Ukrainian groups urge Sunak to release £2.5bn from Abramovich’s Chelsea sale

<span>Roman Abramovich, pictured in 2021.</span><span>Photograph: Martin Meissner/AP</span>
Roman Abramovich, pictured in 2021.Photograph: Martin Meissner/AP

A coalition of Ukrainian human rights groups has written to Rishi Sunak, calling on him to “end the impasse” over using funds from the sale of Chelsea to help victims of war in the country.

Nearly two years after Roman Abramovich had sanctions imposed by the United Kingdom, the £2.5bn generated from Chelsea’s sale remains frozen in a UK bank account despite a commitment to use the proceeds for humanitarian purposes. Last month the European affairs committee of the House of Lords said it was “incomprehensible” that the money was untouched.

On Thursday 58 organisations, including the Ukrainian human rights coalition Ukraine 5am, signed a letter from the NGO Redress calling on Sunak to take action. “We the undersigned, including victims and survivors of the war in Ukraine, call on you to act to resolve the two-year impasse over the proceeds of the £2.5bn sale of Chelsea FC,” the letter begins, arguing funds should be directed “towards the urgent needs of victims and survivors, ensuring that some of the funds are repurposed as reparation for survivors”.

  • Download the Guardian app from the iOS App Store on iPhone or the Google Play store on Android by searching for 'The Guardian'.

  • If you already have the Guardian app, make sure you’re on the most recent version.

  • In the Guardian app, tap the Menu button at the bottom right, then go to Settings (the gear icon), then Notifications.

  • Turn on sport notifications.

The government has admitted that it has a “disagreement” with Abramovich over how the funds should be used, with the government insisting the money should be spent only within Ukraine’s borders, while Abramovich claims the original terms of the licence under which the sale of Chelsea was allowed to go through did not make that specification, instead allowing money to be spent on “exclusively humanitarian purposes supporting all victims of the conflict in Ukraine, and its consequences”.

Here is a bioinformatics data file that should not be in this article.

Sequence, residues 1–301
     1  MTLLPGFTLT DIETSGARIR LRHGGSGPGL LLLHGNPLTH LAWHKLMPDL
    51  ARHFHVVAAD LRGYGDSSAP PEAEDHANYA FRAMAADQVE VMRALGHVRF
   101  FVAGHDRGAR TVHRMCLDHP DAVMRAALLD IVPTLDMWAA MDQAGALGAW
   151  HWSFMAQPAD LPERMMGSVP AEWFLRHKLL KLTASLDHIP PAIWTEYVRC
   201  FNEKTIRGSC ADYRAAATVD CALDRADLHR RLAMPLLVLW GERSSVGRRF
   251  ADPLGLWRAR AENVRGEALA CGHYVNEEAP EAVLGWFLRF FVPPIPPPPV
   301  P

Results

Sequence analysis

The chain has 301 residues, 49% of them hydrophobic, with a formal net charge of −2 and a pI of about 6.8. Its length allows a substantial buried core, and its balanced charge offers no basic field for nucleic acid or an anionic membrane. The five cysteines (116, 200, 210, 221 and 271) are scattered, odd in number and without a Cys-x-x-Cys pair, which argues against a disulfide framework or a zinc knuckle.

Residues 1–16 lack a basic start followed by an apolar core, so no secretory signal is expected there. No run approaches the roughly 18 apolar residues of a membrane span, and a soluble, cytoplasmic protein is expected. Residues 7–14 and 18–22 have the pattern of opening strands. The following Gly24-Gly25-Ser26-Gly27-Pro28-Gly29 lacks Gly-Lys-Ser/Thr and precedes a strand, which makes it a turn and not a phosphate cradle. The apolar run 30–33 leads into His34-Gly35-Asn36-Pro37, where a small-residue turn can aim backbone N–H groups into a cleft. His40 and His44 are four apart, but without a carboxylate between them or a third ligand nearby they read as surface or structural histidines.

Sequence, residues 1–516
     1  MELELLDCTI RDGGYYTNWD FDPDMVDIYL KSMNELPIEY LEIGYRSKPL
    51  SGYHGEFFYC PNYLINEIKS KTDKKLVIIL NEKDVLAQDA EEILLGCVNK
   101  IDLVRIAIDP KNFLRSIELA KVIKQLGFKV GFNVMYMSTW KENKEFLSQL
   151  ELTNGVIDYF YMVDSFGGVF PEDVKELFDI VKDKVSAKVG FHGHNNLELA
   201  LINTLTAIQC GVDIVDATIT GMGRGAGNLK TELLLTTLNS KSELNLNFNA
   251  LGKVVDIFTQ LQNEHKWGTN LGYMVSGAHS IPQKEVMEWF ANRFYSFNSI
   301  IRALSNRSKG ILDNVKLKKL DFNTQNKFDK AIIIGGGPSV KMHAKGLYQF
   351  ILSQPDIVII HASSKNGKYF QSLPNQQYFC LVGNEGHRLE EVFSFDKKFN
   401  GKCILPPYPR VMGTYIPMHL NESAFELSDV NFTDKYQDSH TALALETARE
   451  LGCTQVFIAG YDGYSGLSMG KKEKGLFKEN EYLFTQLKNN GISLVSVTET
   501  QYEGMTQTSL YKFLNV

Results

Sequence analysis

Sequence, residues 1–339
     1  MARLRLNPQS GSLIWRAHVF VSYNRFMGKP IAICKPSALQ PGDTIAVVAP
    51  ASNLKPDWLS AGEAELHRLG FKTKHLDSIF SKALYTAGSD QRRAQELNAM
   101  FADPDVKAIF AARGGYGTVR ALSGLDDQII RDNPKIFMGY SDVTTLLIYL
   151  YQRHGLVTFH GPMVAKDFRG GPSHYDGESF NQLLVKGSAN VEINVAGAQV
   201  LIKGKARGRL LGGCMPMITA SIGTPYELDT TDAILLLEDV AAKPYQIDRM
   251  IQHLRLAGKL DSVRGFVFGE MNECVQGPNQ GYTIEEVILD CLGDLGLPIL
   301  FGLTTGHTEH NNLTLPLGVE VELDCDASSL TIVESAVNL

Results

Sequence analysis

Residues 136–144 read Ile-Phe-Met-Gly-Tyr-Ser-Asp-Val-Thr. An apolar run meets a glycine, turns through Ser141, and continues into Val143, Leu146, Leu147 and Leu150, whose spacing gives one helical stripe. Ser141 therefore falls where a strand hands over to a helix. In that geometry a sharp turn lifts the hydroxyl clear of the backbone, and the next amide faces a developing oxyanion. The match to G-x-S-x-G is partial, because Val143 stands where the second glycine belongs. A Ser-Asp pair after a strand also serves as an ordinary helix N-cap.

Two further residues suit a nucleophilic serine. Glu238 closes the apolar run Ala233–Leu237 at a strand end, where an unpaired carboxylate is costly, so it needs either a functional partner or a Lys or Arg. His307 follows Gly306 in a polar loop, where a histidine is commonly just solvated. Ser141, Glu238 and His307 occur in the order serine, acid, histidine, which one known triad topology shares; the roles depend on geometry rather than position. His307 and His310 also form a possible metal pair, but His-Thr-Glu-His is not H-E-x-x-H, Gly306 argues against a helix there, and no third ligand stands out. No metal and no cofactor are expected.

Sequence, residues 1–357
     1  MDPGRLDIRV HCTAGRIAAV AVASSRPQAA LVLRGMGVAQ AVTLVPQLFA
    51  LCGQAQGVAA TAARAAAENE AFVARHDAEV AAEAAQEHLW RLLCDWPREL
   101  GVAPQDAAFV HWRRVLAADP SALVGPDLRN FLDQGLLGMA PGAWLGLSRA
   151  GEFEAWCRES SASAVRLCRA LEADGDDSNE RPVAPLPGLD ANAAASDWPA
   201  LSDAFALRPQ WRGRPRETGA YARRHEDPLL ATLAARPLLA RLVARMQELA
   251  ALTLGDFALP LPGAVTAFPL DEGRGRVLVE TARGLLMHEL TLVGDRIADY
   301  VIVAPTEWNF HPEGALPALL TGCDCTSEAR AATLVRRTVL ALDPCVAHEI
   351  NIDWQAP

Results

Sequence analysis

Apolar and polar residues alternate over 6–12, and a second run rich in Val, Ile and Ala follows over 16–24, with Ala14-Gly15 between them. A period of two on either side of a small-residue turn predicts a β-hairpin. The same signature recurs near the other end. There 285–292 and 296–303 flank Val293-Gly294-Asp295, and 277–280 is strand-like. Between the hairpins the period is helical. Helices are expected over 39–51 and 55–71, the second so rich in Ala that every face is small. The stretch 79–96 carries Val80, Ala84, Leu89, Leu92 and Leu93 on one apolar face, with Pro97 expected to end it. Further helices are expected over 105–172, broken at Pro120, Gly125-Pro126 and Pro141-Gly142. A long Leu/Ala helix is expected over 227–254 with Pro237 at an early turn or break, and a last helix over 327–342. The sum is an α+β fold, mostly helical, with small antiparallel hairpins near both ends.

The letter urges Sunak to go beyond this stalemate and find other mechanisms to unlock the money. “Considering there are substantial funds in question, your government should consider different avenues to repurpose the funds which may be complementary and maximise impact,” it says. “We call for the Chelsea FC sale proceeds to be split between humanitarian purposes, reconstruction and reparations for victims of human rights abuses. £2.5bn has the power to transform the lives of many victims of the conflict, allowing them to move forward with their lives.”

The letter calls on Sunak to work with Ukrainian government and civil society to “guide in the repurposing of the funds” and “establish a working group between your government, civil society and survivors to ensure the funds are distributed in an effective and timely manner”. It also recommends the government should consider directing some of the funds through existing mechanisms, such as the register of damage in Ukraine, rather than through a proposed charitable foundation yet to be properly established.

The Ukraine 5am coalition is a group of organisations committed to chronicling war crimes committed by Russian forces in the country since the invasion of 2022. Other signatories to the letter include the Global Survivors Fund, the Coalition for Genocide Response and the International Bar Association’s Human Rights Institute as well as the renowned human rights barrister Helena Kennedy.